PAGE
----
Developer Time Equities of New York has created a $200 million mixed-use redevelopment plan for Prospect Place office center in West Palm Beach that includes five 15-story condominium towers, 18,500 square feet of retail space in six buildings and a one-acre park.
Yet, local real estate professionals have mixed views on the ambitious proposed transformation of the 9.4-acre site at 3111 South Dixie Highway that sits in the heart of West Palm Beach‘s rapidly developing South Dixie Highway corridor.
Peter Applefield, founding principal at Aurum Property Partners, a real estate management/investment company based in West Palm Beach, said he is in favor of the plan. “This is the last big piece of land in that South Dixie corridor, and it’s ripe for redevelopment. The whole corridor is just coming along,” he told The Real Deal.
However, Time Equities envisions prices as high as $1 million for some of the 300 condos — those located on top floors — and that’s a stretch, Applefield and others say.
“Who will pay $1 million to live between the railroad tracks and Dixie Highway?” West Palm Beach architect Rick Gonzalez, president of REG Architects, told TRD. “I don’t understand the economics of the project.”
Neil Merin, chairman of NAI Merin Hunter Codman, a commercial real estate services firm in West Palm Beach, is also confounded by the proposed condo prices. Three- to five-story rental apartment buildings would make more sense than the condo towers, he said. “Who’s going to buy condos at that location: retirees, hedge fund officials?” he said. “There are plenty of choices beyond that which are closer to the water or on a golf course, the kind of amenities people seek when paying that much for housing.”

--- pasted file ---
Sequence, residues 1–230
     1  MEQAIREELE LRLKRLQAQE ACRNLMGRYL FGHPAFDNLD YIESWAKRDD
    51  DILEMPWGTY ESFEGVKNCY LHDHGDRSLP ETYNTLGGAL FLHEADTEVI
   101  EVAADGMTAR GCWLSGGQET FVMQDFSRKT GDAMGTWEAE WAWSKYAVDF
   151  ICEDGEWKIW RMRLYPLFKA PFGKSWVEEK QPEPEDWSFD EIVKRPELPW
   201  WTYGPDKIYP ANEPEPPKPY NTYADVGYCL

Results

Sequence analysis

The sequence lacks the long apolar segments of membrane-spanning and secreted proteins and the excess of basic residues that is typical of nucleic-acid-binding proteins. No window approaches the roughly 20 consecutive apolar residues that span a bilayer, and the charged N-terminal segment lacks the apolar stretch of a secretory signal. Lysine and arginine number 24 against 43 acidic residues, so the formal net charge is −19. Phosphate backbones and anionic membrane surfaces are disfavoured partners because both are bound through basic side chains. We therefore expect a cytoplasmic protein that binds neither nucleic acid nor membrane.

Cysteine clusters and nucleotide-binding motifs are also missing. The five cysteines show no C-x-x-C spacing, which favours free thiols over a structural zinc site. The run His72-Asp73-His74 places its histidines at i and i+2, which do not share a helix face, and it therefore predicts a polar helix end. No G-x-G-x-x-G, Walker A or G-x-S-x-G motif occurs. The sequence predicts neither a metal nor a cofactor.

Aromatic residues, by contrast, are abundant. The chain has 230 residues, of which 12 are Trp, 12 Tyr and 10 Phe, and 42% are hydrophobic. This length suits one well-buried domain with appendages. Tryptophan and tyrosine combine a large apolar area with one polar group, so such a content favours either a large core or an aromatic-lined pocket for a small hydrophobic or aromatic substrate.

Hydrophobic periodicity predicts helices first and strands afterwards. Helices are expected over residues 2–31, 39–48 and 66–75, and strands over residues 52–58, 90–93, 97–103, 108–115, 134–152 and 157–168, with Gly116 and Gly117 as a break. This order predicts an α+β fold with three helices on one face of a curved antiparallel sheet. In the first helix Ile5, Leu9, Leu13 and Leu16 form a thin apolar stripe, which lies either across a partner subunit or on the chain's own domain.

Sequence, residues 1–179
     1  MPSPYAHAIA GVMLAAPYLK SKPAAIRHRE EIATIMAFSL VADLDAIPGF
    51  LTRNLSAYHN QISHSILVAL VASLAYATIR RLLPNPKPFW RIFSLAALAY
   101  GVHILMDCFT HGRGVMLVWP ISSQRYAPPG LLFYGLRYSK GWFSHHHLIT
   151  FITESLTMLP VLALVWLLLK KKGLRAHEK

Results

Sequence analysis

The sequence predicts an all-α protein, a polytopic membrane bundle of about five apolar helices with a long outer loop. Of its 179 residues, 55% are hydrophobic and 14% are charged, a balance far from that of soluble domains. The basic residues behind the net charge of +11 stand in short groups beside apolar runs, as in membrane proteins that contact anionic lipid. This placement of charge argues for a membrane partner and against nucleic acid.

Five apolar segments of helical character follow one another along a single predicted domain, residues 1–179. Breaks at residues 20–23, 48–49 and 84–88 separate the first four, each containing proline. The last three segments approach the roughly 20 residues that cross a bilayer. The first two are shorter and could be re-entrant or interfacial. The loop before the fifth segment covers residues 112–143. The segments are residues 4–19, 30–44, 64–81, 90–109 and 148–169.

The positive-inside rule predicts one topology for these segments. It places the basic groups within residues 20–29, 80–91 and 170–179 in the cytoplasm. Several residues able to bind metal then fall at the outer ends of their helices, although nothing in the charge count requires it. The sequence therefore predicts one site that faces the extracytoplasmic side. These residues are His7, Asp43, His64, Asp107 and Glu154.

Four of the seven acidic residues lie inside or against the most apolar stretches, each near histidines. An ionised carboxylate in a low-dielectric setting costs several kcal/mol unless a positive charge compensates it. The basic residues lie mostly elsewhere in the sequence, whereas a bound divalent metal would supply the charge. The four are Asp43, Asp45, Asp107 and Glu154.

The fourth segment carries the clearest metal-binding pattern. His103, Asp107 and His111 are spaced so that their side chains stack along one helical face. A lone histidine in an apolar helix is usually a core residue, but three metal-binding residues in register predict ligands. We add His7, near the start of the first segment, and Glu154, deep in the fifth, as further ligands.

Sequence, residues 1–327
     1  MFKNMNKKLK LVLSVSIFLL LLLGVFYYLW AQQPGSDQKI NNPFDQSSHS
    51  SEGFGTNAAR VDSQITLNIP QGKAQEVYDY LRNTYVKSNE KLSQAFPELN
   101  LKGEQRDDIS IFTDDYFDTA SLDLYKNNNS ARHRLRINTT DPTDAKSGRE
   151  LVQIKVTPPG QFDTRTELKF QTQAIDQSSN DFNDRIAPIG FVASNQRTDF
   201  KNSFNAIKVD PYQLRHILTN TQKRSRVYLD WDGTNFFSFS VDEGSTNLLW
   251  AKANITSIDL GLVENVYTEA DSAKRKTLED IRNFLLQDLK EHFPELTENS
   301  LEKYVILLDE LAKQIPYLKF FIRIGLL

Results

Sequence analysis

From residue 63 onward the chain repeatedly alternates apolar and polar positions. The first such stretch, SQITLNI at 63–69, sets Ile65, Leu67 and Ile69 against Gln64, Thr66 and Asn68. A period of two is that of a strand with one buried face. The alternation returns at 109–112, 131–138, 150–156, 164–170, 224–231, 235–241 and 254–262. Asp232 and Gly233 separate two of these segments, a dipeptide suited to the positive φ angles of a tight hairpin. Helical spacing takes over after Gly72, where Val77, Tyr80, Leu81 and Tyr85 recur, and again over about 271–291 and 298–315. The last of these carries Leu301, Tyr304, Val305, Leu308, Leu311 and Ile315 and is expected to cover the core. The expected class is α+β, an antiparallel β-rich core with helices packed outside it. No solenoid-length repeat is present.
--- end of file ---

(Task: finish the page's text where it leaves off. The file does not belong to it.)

Rental apartments at Prospect Place would be attractive to the growing number of millennials that are settling in West Palm Beach, Merin said. “If they feel the location has to be converted to residential, the hot product out there is rental,” he said.
Gonzalez said the massive project with its modernist architecture designed with the help from star architect Helmut Jahn is out of character with the neighborhood, particularly the historical residential district of El Cid that lies to the east of Project Place. “Traditional architecture would be more fitting,” Gonzalez said.
Single-family homes dominate El Cid and Flamingo Park, which stands west of Prospect Place. Residents of those neighborhoods are politically active, and they may not take kindly to the plan, Merin says. “There may be political interference.”
Gonzalez has questions on that issue too. “Will this receive support from the public and neighbors? I’m a little bit skeptical,” he said.
Real estate professionals say the South Dixie corridor can use more retail space, but Gonzalez questions whether a big modernist project at Prospect Place is the right location. “Retail and a park are nice ideas,” he said, but a design that better matches the neighborhood to the east would be preferable.